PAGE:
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Even though the University of North Carolina has always been a public university, state financial support has varied greatly over time. At the beginning the state provided no direct support. Instead, it authorized the university to charge tuition and to collect on the state's unpaid debts and escheats, the estates of people who died without legal heirs. The legislature did make a loan of $10,000 toward construction of the first building, Old East, which they eventually agreed to turn into a gift. There was no direct appropriation until 1881, and not until the 1920s did the university began to receive regular appropriations to operate the institution.

What has been consistent throughout its history is that tuition and public funds have not been sufficient to meet the need. Therefore, the university has always relied on benefactors —those people or entities that make gifts of one form or another. The practice began with eight Orange County landowners who donated some 700 acres to serve as the site for the campus and town of Chapel Hill. At the same time, donations by Benjamin Smith and Charles Gerrard of land claims received in payment for their service in the Revolutionary War eventually funded the construction of Smith Hall (now historic Playmakers Theatre) and Gerrard Hall.

The first significant cash gift was from Thomas Person, who gave Carolina 1,050 silver dollars in 1796 to complete construction of the building that now bears his name. While throughout the nineteenth century the university president and trustees traveled throughout the state to solicit donations, campus leaders did not start a formal fund-raising program until the mid-twentieth century.
Some benefactors gave in an involuntary way. The Smith lands, for example, were not university property until the United States expropriated the area from the Chickasaws through treaties in the early 1800s. Gifts that enriched the university from antebellum donors originated largely from the profits of enslaved labor, while funds from the sale of enslaved people in escheats also provided significant income before the Civil War. Others intentionally provided for the university in their wills, some of which made a significant difference in the ability of university leaders to strengthen academic programs. Two noteworthy bequests were from Mary Ruffin Smith, who bequeathed a family plantation in Chatham County to the university to support scholarships for indigent students, and Mary Lily Kenan Flagler Bingham, whose will established the Kenan Professorships.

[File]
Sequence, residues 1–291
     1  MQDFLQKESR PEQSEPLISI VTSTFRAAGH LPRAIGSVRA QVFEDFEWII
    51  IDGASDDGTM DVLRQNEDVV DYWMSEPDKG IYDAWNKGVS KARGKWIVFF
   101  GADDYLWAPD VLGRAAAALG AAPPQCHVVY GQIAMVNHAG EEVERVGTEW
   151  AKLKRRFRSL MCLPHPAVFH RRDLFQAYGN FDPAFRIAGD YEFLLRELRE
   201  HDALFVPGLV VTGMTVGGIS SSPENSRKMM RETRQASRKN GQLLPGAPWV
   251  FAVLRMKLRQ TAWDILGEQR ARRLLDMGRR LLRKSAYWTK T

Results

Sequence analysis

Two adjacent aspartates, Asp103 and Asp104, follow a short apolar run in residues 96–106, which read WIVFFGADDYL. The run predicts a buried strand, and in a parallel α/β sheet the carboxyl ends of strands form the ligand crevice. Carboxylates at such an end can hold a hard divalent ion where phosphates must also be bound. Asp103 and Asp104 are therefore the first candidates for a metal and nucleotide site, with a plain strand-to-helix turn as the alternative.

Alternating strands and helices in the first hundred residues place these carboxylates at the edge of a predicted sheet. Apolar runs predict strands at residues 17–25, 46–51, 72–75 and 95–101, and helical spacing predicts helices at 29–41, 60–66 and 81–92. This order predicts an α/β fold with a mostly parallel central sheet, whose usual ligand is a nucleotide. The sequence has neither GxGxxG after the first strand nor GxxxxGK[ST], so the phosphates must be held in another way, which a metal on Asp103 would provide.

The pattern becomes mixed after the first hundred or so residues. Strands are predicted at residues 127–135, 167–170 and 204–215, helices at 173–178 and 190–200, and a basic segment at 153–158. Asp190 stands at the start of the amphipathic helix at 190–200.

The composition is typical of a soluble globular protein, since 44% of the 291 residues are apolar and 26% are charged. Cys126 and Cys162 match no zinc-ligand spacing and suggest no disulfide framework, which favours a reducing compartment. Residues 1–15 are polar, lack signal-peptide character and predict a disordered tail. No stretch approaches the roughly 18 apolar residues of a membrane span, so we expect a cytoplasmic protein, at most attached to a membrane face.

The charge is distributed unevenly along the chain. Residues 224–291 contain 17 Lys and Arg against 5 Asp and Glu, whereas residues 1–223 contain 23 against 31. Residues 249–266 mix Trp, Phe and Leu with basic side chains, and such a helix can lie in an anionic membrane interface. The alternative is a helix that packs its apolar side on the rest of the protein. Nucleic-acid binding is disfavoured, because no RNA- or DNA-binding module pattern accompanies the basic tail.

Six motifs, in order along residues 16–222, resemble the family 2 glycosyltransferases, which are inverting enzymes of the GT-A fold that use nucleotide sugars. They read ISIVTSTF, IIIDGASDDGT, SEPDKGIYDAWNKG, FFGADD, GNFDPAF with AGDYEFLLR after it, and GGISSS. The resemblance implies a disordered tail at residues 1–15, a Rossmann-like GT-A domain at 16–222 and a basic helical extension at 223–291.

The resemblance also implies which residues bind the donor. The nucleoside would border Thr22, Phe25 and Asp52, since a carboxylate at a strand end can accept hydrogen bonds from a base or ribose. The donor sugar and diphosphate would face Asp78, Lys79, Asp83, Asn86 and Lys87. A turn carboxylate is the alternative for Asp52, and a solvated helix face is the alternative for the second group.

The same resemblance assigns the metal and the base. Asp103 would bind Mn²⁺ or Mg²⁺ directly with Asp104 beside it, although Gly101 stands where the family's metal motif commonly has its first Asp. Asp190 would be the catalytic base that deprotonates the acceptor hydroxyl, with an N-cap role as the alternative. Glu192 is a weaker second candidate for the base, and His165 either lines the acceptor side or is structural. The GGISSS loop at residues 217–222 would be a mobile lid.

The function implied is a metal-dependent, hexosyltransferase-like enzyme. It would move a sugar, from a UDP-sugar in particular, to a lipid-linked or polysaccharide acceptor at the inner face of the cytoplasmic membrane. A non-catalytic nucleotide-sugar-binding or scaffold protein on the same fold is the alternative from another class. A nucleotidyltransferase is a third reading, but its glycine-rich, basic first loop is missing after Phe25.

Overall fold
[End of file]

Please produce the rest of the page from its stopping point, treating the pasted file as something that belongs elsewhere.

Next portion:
In the early twentieth century Carolina began to build a modern research university. Leaders sought support from northern philanthropists, including Andrew Carnegie, George Peabody, and the Rockefeller family. In North Carolina a generation of industrialists made significant investments in the university, including the Hill family of Durham, the Hanes family of Winston-Salem, the Kenans, and the Moreheads. As the university expanded its medical school and health care programs in the 1950s and 1960s, families like the Linebergers and the Loves contributed to the facilities. Their gifts augmented the major investments that the people of North Carolina made through state appropriations. Some names are virtually unknown because they do not appear on the landscape. Joseph Ezekiel Pogue, an alumnus who made his fortune in petroleum exploration, left his $11 million estate to Carolina as an unrestricted endowment. It has been used in many ways over the years, including for library acquisitions, scholarships, and research.

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